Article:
|© John Mark Ministries
The very first Christian song most children learn is "Jesus Loves Me." If there was a best-seller hit list among the preschoolers, this very simple but precious song would have to be at the top of the charts. Yet few people know that "Jesus Loves Me" began life not as a song but as a part of one of 1860's best-selling novels.
Anna Warner was well aware of the coming of the war between the states. She lived with her father and sister on Constitution Island. Their home was practically next door to the United States Military Academy at West Point, and from her front porch she constantly heard the rumors of war. Yet even in the face of uncertain times, every Sunday Anna taught Bible classes to the cadets. She realized that if the southern states made good on their threat to withdraw from the Union many of the boys she knew could be killed or wounded in the war that would follow. While it broke her heart to consider the dismal fate for those too young to have experienced the many blessings of life, she also fully comprehended the importance of leading each of them to Jesus now. With an urgency brought about by a nation on the brink of dividing, sharing Christ's love became her mission in life.
Besides her teaching, the forty-year-old Anna also wrote. With her sister Susan she had written several novels, using the pseudonym Amy Lothrop. In 1860 the sisters' Say and Seal became the country's best-selling work of fiction. Written for the masses and the moment, not fueled by timeless struggles or epic writing, the book would quickly pass from the public's fancy, lost with thousands of other period pieces of the time. Yet, thanks to one very special scene on but a single page, the essence of the book and of Anna's faith would live for decades after Say and Seal and Anna herself had been forgotten.
In one chapter a child lay dying. Nothing could be done to ease his pain or give him a second chance at life. As his ultimate fate grew nearer, the novel's focal character, Mr. Linden, attempted to comfort the small boy. Looking into the child's eyes, he slowly recited a poem that began, "Jesus loves me, this I know, for the Bible tells me so."
The words of the poem made the boy's last moments of life much easier. These simple lines also moved thousands of readers to tears. Hauntingly beautiful, composed straight from Anna's faithful heart, "Jesus Loves Me" quickly sprang out of her book's pages and became one of the most beloved poems of the era. No one can even begin to calculate how many times it was said on the battlefield, in the homes of children whose fathers were engaged in the Civil War, from pulpits and in Sunday school classes, and even at the White House itself. Ringing so clear and true, Anna's sixteen short sentences had touched the hearts of millions with verses meant only to calm the soul of a dying fictional character.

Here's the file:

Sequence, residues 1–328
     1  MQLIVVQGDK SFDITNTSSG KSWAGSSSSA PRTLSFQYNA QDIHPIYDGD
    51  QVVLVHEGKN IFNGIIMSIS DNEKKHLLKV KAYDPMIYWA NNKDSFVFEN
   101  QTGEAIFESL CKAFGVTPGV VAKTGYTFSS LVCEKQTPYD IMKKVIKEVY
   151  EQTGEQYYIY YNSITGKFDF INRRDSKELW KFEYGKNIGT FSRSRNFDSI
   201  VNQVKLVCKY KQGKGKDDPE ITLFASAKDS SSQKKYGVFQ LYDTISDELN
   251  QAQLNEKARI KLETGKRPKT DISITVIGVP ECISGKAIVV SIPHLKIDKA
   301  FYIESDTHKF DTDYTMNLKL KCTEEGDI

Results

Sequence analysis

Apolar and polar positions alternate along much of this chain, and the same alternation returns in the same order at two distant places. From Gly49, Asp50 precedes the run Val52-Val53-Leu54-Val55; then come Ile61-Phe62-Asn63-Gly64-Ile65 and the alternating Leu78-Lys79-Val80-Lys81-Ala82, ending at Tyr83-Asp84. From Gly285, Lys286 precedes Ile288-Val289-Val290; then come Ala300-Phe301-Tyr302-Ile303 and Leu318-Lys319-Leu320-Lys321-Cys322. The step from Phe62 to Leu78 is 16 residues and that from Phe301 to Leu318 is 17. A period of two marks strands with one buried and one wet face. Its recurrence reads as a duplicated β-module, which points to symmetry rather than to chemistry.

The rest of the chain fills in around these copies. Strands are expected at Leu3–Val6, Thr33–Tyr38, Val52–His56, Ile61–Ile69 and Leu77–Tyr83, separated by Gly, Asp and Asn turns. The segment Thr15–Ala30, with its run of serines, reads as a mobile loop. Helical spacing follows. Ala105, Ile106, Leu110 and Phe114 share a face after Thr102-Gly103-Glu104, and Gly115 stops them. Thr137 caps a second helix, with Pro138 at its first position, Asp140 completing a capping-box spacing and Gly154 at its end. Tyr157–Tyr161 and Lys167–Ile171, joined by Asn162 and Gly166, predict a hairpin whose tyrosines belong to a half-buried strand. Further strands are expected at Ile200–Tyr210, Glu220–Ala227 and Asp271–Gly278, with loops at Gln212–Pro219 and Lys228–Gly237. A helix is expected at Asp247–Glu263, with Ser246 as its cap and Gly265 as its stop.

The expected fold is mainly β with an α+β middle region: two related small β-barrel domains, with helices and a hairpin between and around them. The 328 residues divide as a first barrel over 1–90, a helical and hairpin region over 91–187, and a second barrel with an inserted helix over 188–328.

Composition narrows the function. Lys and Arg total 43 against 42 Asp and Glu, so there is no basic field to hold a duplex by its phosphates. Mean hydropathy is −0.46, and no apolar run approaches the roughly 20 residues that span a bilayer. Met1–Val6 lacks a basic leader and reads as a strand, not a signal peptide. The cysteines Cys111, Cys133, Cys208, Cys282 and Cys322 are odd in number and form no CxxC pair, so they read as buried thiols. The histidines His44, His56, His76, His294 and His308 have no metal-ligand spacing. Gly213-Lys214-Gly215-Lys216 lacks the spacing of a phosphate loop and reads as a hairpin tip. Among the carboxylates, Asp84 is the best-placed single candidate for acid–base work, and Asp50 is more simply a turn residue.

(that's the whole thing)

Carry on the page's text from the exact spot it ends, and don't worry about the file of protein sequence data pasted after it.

One of the scores of readers who memorized the poem was William Bradbury. A teacher of voice and organ, in 1854 Bradbury had formed a piano company with Ferdinand Lighte and Henry Newton. Besides heading up his business, the noted musician also continued a practice of setting his faith to music by composing his own songs. By the beginning of the Civil War, Bradbury had built his own music company to publish and distribute his works. It was during the time when his music business was taking off that he first read and fell in love with "Jesus Loves Me."
Although an accomplished composer of what many think of as high-church music--he had already lent his talents to such hymns as "Sweet Hour of Prayer, .... He Leadeth Me," and "On Christ the Solid Rock I Stand"--Bradbury was moved in a much different fashion when he decided to add a melody to Anna Warner's poem. A lover of children's voices, as well as a proponent of music education in both school and church, Bradbury allowed the child in his own heart to spring forth when writing the simple musical notes for "Jesus Loves Me." Then, to fully complete the work, he added the following chorus:
Yes, Jesus loves me, Yes, Jesus loves me, Yes, Jesus loves me, The Bible tells me so.
The marriage of Waner's words and Bradbury's music was one of the most beautiful gospel efforts of all time. Yet the song "Jesus Loves Me" might have been as quickly forgotten as the novel Say and Seal if Bradbury's music company hadn't published it. Through the publisher's established distribution network the new children's song quickly worked its way across the North and South. In the face of the most horrible fighting this nation had ever known, both sides were singing about a Savior who died, yet had risen and still watched over everyone with equal love and compassion. It was an ironic message for a very ironic time.
Almost a hundred and forty years after this song was first published, few know of the writings of Anna Warner or recognize the name of William Bradbury. But even though the writer and the composer have been forgotten, everyone knows their song. Children and adults of all races and even millions outside the Christian faith can sing "Jesus Loves Me." How many millions have clung to this message on lonely nights or rocked babies to sleep while singing this song is unknown. But what can be most assuredly stated is that "Jesus Loves Me" is the foundation on which many children not only first come to know Christian music but also come to know the love and sacrifice of the Lord who inspired it. And this message is what keeps them singing the gospel throughout their lives.
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